At the same time, the blowback from their indiscriminate bombardment of neighbouring Yemen made the House of Saud and its satellites ultimately realise that it was more affordable for them to lose face than to continue losing the proxy war they waged.

Just like the indigenous Houthi rebels managed to force the hand of the Saudi-led coalition by striking legitimate targets within the Kingdom’s interior courtesy of Iranian-supplied weaponry, Kyiv’s counter-offensive is slowly but surely beginning to imperil national security in mainland Russia and unnerve its top brass.

That said and irrespective of looming retaliatory attacks Russian civilians face, Putin is unlikely to entertain any kind of negotiated settlement given his winner-take-all approach towards the bloodbath in Ukraine.

From Defence Minister Sergey Shoigu visiting North Korea hat in hand at the end of July to the president himself missing out on the upcoming BRICS conference in South Africa for fear of arrest, Moscow continues to project weakness and desperation throughout West Asia.

If anything, the normalisation drive between Syria and the GCC, barring Qatar, will breathe new life into the Arab League and encourage member states to deal with foreign powerhouses as a collective entity.

Should this materialise, rest assured that the Chinese will not be the only ones looking upon the Russians as so-called “junior partners”. The United Arab Emirates, in particular, has already accrued considerable leverage over Putin and his cronies by becoming their de facto workaround for sanctions-busting and money-laundering.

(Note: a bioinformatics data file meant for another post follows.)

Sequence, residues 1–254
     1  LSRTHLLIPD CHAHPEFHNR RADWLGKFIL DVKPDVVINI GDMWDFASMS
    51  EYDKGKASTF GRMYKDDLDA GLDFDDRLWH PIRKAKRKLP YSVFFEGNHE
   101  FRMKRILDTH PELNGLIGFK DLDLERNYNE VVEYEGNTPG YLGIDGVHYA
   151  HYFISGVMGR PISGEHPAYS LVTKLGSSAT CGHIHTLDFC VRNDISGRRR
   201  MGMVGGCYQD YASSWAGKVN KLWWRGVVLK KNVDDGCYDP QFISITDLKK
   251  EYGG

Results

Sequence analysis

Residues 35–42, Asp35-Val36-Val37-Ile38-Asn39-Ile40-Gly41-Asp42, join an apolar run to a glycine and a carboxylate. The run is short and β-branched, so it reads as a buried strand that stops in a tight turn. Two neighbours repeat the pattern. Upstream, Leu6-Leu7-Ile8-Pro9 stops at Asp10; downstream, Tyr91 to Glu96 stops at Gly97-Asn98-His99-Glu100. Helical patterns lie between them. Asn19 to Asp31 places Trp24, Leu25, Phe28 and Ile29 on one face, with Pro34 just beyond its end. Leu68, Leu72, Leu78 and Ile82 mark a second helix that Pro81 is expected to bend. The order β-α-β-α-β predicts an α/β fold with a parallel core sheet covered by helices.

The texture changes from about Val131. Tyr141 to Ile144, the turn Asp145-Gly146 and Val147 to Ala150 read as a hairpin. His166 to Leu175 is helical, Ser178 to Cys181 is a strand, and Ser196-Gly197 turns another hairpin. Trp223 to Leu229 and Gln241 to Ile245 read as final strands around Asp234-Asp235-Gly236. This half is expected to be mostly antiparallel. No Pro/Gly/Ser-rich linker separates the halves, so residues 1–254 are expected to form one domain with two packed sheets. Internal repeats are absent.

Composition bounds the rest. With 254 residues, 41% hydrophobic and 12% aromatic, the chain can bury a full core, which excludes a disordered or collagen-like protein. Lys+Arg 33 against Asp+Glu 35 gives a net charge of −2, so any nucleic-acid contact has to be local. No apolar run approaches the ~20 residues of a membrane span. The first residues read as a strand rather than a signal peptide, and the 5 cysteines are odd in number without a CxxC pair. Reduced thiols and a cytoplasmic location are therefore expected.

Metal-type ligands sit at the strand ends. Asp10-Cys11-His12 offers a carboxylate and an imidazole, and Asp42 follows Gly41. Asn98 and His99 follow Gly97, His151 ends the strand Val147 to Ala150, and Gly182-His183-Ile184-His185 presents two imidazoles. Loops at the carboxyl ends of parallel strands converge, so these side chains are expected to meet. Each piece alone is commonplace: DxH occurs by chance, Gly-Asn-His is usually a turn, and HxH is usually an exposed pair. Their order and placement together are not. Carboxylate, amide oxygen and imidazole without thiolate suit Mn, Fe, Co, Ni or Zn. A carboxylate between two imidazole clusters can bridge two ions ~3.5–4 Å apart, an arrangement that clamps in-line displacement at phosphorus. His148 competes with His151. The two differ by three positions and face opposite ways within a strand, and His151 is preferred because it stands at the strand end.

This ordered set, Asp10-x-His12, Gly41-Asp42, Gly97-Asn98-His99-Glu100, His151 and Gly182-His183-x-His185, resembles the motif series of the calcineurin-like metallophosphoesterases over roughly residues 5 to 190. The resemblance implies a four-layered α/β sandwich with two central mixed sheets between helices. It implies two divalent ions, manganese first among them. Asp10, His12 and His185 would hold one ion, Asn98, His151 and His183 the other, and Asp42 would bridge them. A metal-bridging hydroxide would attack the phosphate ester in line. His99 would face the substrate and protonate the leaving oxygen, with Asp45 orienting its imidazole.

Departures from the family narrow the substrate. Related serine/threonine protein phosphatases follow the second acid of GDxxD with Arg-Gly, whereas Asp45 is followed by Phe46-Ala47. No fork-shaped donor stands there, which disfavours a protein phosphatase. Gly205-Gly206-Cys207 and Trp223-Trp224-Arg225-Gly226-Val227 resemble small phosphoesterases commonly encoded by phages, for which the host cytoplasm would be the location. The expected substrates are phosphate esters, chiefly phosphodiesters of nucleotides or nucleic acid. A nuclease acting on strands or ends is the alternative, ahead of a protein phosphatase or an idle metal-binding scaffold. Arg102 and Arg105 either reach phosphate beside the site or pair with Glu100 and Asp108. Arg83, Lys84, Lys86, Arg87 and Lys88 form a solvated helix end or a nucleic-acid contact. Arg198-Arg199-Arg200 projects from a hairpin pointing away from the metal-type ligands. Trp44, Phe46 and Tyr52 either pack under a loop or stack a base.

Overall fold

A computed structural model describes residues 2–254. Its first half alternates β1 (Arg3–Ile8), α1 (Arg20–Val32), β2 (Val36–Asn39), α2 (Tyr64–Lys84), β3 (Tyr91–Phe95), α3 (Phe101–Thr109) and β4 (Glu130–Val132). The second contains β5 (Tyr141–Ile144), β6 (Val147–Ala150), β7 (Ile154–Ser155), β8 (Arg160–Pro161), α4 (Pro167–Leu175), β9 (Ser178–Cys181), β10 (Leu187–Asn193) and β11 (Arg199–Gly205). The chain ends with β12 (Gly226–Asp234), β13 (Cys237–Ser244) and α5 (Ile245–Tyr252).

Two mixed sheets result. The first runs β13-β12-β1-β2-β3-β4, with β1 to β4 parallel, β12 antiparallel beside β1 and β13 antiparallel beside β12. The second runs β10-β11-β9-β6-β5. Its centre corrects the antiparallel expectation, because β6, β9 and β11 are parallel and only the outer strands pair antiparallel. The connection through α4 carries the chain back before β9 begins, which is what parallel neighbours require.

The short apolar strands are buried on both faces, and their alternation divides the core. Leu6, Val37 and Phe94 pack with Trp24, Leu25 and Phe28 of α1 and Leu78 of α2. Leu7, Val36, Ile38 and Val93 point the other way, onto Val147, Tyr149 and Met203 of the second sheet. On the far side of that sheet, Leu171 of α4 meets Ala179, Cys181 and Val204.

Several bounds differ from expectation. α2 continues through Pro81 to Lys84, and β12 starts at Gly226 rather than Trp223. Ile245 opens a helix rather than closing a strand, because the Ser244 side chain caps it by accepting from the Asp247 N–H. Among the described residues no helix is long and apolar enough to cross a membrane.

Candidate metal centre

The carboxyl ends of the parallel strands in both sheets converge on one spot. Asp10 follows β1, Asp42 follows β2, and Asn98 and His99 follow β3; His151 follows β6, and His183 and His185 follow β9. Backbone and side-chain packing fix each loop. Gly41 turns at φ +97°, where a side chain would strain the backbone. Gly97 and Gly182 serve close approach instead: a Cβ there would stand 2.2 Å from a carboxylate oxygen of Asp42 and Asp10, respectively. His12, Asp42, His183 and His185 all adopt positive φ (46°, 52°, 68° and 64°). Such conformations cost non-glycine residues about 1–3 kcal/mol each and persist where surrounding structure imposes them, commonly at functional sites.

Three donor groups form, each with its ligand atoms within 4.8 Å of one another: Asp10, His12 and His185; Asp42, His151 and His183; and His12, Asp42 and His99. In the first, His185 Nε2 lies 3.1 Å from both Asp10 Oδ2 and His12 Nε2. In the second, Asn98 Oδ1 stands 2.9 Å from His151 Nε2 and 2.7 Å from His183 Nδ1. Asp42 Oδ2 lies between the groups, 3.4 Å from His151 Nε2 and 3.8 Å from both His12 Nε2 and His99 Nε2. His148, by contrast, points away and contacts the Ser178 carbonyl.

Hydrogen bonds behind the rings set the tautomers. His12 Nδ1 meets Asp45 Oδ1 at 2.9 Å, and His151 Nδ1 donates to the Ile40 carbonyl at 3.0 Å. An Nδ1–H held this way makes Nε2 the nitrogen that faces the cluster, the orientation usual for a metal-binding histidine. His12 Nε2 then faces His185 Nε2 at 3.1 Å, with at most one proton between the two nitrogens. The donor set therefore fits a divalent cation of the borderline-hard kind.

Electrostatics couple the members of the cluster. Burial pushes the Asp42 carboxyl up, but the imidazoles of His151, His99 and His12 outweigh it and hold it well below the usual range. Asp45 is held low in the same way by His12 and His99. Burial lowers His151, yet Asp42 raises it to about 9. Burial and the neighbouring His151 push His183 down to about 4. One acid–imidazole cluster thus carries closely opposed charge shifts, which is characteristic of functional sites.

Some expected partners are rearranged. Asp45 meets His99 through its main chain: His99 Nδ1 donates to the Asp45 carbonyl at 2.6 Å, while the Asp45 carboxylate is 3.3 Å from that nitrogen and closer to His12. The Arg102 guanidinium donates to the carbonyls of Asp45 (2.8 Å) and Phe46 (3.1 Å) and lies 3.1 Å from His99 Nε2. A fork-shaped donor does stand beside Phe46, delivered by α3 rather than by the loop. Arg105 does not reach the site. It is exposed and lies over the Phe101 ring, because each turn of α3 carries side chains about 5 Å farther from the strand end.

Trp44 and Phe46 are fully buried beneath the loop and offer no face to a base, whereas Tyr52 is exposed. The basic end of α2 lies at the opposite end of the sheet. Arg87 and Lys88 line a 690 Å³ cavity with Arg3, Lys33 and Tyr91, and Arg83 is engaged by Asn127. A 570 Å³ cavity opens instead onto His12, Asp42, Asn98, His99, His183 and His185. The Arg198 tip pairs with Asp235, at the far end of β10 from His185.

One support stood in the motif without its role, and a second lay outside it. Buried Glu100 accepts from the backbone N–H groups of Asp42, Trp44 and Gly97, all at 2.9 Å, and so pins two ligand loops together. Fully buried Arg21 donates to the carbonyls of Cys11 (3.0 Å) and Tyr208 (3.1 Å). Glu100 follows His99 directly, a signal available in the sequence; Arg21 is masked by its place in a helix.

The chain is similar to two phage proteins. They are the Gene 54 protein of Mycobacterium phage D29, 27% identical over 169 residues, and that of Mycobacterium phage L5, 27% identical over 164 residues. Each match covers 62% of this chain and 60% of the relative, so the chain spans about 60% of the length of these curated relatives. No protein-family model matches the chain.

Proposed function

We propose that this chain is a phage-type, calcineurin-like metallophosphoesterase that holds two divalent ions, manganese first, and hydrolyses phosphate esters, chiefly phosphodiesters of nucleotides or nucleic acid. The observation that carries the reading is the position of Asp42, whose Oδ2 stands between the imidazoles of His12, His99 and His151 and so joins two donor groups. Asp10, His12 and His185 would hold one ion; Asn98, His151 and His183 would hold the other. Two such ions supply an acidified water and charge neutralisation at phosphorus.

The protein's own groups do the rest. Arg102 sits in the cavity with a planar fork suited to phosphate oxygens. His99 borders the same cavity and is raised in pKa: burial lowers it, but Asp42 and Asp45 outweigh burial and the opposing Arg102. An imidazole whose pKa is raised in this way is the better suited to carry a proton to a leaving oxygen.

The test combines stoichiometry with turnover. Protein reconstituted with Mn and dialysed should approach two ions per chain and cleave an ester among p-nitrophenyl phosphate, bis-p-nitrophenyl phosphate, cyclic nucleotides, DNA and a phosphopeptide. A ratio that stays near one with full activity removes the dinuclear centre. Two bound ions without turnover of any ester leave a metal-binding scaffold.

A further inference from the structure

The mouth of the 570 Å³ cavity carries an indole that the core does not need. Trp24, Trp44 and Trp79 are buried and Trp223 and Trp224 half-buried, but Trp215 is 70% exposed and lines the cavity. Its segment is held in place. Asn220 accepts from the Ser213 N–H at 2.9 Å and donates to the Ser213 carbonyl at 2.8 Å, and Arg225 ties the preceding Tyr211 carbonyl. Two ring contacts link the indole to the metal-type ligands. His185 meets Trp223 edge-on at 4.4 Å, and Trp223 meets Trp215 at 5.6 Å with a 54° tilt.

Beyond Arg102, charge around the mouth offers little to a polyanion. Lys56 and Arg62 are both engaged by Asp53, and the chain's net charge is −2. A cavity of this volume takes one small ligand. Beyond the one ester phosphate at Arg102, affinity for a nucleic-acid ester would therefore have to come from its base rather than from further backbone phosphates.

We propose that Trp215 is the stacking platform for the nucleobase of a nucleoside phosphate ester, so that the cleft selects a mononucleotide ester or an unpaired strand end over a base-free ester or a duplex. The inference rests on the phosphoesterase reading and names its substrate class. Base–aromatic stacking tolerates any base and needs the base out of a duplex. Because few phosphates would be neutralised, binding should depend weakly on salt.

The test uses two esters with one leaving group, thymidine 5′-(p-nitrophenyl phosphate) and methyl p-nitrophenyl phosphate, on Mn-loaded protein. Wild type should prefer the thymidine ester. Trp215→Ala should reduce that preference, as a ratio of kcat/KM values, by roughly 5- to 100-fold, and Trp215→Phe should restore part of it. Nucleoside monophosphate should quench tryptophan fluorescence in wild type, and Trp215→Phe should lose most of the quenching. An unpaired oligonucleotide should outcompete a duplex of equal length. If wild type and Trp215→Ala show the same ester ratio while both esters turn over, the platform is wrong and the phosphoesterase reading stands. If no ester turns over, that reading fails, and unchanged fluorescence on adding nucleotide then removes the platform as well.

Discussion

The Kremlin, in turn, is doubling down on efforts to attract foreign direct investment from the aforementioned, energy-rich autocracies and not necessarily going into this troublesome alliance with its eyes wide open.

Short-circuiting the launch of streamlined e-visas to the start of August and designating Iran, Oman, Kuwait, Bahrain and Saudi Arabia as “friendly states” with easier access to the country is one such of example of salvaging whatever tourism revenues they can before the off-season.

Notwithstanding, petrodollars flowing in galore from the Persian Gulf when Russian society is more fractured than ever could pave the way for a resurgence of fundamentalist leanings which fuelled Chechen separatism in the nineties and ensuing acts of terrorism across the federation.